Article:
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Fires ravage Northcliffe farms

Rueben HaleThe West Australian

Livestock fatalities and property damage have been reported in the wake of the State's biggest-ever bushfires.

Northcliffe cattle farmer Sam Ditri, who lost two cows and five week-old calves, said he had tried his best to protect his livestock, but the changing winds had been too difficult to predict.

"I had the calves in long grass by our creek when the wind changed suddenly and it was too late to wake them up," he said.

"Three got burned to death when the grass caught alight, and one died after struggling about 50 yards before collapsing.

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"The fifth calf turned up dead later on, most likely from smoke inhalation. The two cows also died later from burns."

After the fatalities, Mr Ditri said he had no choice but to shift some of his livestock from the property.

"I have only 10 heifers and 37 mothers remaining," he said.

"Twenty-seven have been sent to my brother's property because I don't have enough feed for them all," Mr Ditri said.

Many dairy cows may have sustained burnt udders from coming into contact with smouldering pastures.

The disturbing news comes after other farmers' stories of destruction and chaos caused by the fire, which blazed through more than 88,000 hectares of land, which threatened many South West towns. Department of Fire and Emergency Services say fire has now been contained, but bushfire advice remains for Northcliffe in the Shire of Manjimup.

The blaze has so far claimed two houses and five sheds, but local farmers say there has also been significant damage to infrastructure, as well as the impact on business, which is expected to run into millions of dollars.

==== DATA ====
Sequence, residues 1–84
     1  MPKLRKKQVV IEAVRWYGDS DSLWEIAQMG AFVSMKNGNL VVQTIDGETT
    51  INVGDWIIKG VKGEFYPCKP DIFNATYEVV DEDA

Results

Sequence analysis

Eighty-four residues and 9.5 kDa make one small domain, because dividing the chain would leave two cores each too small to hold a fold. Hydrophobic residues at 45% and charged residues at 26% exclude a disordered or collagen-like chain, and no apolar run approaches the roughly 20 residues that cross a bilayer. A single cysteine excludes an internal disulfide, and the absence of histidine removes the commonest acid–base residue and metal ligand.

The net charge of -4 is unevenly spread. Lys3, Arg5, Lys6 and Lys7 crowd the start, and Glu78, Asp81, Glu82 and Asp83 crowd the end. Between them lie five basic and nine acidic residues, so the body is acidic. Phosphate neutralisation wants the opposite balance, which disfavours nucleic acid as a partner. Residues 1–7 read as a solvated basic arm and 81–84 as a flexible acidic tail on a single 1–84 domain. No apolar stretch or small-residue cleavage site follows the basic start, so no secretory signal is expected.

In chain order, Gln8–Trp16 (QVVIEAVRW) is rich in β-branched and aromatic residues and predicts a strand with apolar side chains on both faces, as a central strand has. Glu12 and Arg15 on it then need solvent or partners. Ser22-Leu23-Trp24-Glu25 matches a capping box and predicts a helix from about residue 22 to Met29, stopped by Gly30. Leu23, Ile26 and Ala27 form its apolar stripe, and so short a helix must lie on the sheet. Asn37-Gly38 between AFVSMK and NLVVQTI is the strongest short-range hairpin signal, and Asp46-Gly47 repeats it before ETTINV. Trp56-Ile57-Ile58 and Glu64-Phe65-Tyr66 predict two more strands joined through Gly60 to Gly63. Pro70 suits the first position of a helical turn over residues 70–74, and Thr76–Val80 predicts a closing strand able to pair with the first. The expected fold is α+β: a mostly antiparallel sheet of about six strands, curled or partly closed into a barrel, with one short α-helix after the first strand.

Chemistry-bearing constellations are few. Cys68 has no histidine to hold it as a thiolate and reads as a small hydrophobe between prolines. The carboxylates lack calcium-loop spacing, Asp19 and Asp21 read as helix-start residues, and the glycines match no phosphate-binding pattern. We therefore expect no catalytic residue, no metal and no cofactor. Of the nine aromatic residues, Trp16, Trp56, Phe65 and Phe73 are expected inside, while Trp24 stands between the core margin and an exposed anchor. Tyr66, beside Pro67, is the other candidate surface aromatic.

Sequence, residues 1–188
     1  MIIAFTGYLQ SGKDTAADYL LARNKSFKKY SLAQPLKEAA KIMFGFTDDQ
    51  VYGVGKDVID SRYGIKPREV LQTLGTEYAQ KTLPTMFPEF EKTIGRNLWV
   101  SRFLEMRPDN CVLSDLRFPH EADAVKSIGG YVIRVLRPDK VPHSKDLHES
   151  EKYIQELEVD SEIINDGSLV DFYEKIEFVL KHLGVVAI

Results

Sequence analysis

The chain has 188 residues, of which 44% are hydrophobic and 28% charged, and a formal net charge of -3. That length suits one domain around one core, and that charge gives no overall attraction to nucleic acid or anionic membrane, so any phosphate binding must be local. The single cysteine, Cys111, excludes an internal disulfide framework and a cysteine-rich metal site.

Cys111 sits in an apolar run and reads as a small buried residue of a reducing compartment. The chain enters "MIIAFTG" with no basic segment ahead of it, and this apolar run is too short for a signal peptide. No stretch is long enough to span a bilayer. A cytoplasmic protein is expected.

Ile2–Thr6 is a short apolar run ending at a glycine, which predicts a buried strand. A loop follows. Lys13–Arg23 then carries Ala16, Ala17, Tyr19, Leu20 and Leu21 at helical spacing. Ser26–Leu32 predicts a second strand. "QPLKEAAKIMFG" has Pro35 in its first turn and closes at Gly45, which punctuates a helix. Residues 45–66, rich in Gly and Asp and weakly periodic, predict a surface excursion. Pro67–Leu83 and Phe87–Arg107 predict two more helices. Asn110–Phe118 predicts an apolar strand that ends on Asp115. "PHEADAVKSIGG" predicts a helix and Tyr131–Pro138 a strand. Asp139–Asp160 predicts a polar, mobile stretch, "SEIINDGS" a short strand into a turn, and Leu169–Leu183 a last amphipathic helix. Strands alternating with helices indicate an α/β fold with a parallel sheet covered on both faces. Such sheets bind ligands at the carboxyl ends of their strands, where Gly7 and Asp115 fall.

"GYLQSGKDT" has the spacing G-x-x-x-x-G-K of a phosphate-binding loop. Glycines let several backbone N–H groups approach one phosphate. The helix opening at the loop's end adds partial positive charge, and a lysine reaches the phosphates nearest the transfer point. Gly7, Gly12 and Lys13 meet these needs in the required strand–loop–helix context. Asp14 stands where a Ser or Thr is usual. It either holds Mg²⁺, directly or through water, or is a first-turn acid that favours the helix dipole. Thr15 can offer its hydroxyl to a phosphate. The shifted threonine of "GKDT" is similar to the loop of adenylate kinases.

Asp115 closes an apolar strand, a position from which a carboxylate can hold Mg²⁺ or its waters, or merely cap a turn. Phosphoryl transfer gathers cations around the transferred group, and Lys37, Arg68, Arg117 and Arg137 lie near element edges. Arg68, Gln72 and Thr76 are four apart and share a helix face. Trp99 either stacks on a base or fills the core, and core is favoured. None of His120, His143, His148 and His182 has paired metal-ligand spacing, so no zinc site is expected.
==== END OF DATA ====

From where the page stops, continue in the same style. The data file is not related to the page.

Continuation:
Stock agent Cole Thexton said farmers with livestock would be facing a difficult situation for a long period of time in the wake of the fires.

"The effect on production will be substantial until the season breaks and we get some rain, which is still months away," he said.

Mr Thexton said there was a desperate need for hay to replace the burnt-out pastures.

"There will be a lot of dry stock resulting from the lack of pasture and the owners will probably have no choice but to let them out for agistment if they don't have enough food to give them for production."

Meanwhile, other Northcliffe farmers have reported significant disruption and losses as a result of the fires.

Dairy farmers Wally and Julie Pettink have said their farm remains without power and phone connection after the fire.

The Pettinks have taken a heavy toll from the disaster, losing a house, the majority of their pastures and silage rolls, as well as kilometres of fencing, at their farm located 10km east of Northcliffe.

Mrs Pettink said it was a daily struggle milking 300 cows on their property, as well as attending to 700 to 800 cows.

The bushfire has also damaged some fencing at the region's largest dairy, Bannister Downs.

Cattle farmer Eric Pratt, who normally runs 65 breeding cattle, said he lost fences and about 100 acres of pasture on his Northcliffe property.

"We were very fortunate when the fires came through that we had a large contingent of fire trucks close by which took over the farm," he said.

"At this stage I've got hay but that won't last very long."

Fellow Northcliffe cattle farmer Noel Makin said he had to cut short a Darwin holiday when he heard the fires were threatening his property.

"By the time I got here from Darwin on Tuesday the area was blocked off, but I managed to access my property from the back way I know," he said.

Mr Makin said like his neighbours, his fences and pasture had been all but burnt out.

"I've lost more bore pump at my dam and also all my southern blue gums on the property, but I moved most of my livestock from the property just before Christmas and only have six cows with calves at the moment, which has turned out be very fortunate," he said.

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